Welcome to The Cage Page!
This website is dedicated to all who passed through the doors of The Bird Cage Theatre in Orange County, CA. Feel free to visit and share your stories with us.
Our Founding Fathers
After 20 years of performing melodrama at the Theatre Mart in Los Angeles, Woody and Stu took over the Bird Cage Theatre and made it the icon it is today.
In the beginning , in a venerable amusement park in Orange County, California, there was"The Bird Cage" and it was good!
But it could have been better.
At least that's what park progenitor Walter Knott commented to a woman who worked in his "Old Mac Donald's Farm" petting zoo. The performances at "The Cage" were staged by students from Fullerton College and as much fun as they were having, they were not professionals and their school schedules made show schedules a little erratic.
Now, this woman at the petting zoo (if anyone knows her name please send it to me) happened to work, in some capacity, at the Theatre Mart in LA, where she became acquainted with Woodrow Wilson (No, not the president) and George Stuart MacFarland, hereafter referred to as "Woody" and "Stu".
They were doing the granddaddy of all melodramas -- The Drunkard.
The show in LA was coming to a close
Woody and Stu were pro actors looking for a theatre
Walter Knott was a theatre owner looking for pro actors
An unnamed woman at the petting zoo was the conduit and...
FATE TAKES A HAND!
In 1954, the classic melodrama, The Streets of New York, opened at the Bird Cage Theatre with a large cast and in the pit, not a piano but a band...
A BAND!! (ok, ok, an accordion and a banjo).
The shows were such a success that the theatre could never close down long enough to make the structural modifications that they wanted. So the open air theatre got a tent put over it, that the shows might go on, even in the teeth of inclement weather. As the elements took their toll, the tent had to be replaced. Then, to protect the tent, a tin roof was erected. Which is how it stands today.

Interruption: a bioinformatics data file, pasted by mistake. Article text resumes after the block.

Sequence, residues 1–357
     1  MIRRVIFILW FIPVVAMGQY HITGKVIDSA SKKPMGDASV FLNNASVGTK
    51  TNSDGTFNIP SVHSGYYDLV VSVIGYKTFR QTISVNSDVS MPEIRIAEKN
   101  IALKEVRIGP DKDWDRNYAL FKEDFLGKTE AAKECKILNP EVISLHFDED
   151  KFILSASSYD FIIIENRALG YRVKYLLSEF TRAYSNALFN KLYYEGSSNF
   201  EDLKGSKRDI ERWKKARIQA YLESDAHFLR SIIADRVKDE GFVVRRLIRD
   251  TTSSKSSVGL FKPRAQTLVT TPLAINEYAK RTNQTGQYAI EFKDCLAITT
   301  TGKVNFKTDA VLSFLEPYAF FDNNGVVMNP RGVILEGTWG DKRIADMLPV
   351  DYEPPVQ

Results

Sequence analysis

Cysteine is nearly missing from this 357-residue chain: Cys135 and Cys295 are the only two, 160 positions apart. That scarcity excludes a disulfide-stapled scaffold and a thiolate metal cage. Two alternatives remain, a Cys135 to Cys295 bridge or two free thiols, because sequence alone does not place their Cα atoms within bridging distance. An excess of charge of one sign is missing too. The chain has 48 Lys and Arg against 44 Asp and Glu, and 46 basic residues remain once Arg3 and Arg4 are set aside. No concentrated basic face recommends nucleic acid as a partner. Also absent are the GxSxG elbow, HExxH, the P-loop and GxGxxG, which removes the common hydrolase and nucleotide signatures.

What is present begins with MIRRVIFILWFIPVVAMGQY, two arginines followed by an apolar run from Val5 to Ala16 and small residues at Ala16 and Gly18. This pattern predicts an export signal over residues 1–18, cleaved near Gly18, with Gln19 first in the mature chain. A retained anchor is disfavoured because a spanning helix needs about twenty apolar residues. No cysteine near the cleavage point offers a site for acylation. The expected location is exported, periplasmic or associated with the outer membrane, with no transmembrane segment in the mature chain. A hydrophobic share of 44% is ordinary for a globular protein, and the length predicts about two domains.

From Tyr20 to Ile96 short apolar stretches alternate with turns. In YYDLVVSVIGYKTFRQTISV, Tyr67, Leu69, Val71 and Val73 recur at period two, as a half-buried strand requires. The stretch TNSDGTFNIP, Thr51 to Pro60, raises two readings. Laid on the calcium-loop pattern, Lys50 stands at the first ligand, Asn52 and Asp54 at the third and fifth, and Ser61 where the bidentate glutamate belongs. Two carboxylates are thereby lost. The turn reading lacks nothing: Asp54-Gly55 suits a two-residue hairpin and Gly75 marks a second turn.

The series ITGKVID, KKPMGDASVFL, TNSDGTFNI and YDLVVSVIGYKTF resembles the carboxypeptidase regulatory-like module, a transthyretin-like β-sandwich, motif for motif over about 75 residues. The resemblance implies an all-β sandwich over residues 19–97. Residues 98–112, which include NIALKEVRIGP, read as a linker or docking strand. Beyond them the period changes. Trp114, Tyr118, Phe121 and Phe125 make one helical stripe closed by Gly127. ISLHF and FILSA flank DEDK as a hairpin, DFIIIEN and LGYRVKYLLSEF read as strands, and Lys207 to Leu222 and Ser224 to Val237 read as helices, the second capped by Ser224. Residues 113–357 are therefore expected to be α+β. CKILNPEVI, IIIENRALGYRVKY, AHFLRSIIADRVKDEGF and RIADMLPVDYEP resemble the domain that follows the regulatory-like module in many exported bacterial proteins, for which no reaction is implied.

The shows were 40 to 45 minutes in length, one script per season, each season finding a new story or a very old one as the versatile young theatre had original melodramas as well as those tested tried and true in her repertoire.
Versatile, did I say? You bet!
Because in addition to the melodramas, there was a series of olio acts lasting about 20 or 30 minutes total. Ventriloquism, magic, music, song, dance, comedy, every aspiring actor who wanted to play a part also had to strum a mandolin or make a handkerchief disappear to get the job. And at the exorbitant compensation of $3 per show, it was a job well worth having.
And so it went, about an hour per show, 3 shows per day weekdays, 5 per day weekends, changing shows every year. A show lasting over an hour at a theme park might seem long today but at the time the pace was a little slower, there was less to do so you had more time to do each thing. If you went on a ride at this amusement park, it was on a train, a burro or a stagecoach.
As metamorphosis and evolution are necessary to survival so there came changes to The Bird Cage Theatre. The "band" gave way to the "organo" a unique blend of piano and organ. So unique, however, that after a time there was no one around who knew how to repair it and, ultimately, the organo gave way to a more conventional keyed instrument (I don't remember what it's called). The 60's, the 70's and the 80's quickened the tempo of life and shortened the shows on the stage of The Bird Cage to about 25 minutes, the olio's became a fond memory but we were now doing 6 shows a day, 4 or 5 different scripts per day, seasonal shows such as the rather burlesque Dr. Cleaver at Halloween, Dickens' A Christmas Carol and O Henry's Gift of the Magi at Christmas, dramatic portrayals of the founding fathers which helped to start an educational department at the park and, at the end, being paid (be still my heart)
$7 per show!!! (call my tax lawyer!).
January 10 1991, the amusement park bought out the little acting company, thus bringing an end to the Bird Cage Players as an independent troupe. January 12 1997, The Bird Cage Theatre was closed, bringing down the curtain on 42 years of melodramas and honest theatre.
The longest continually operating melodrama theatre in the world.
Here's what you'll find on the Cage Page:
It's Your Line...
So what do you want to do now?? Let us know any suggestions you have for get-togethers or activities and see who's interested...
This site was last updated 11/11/07
Mary and Dean Carter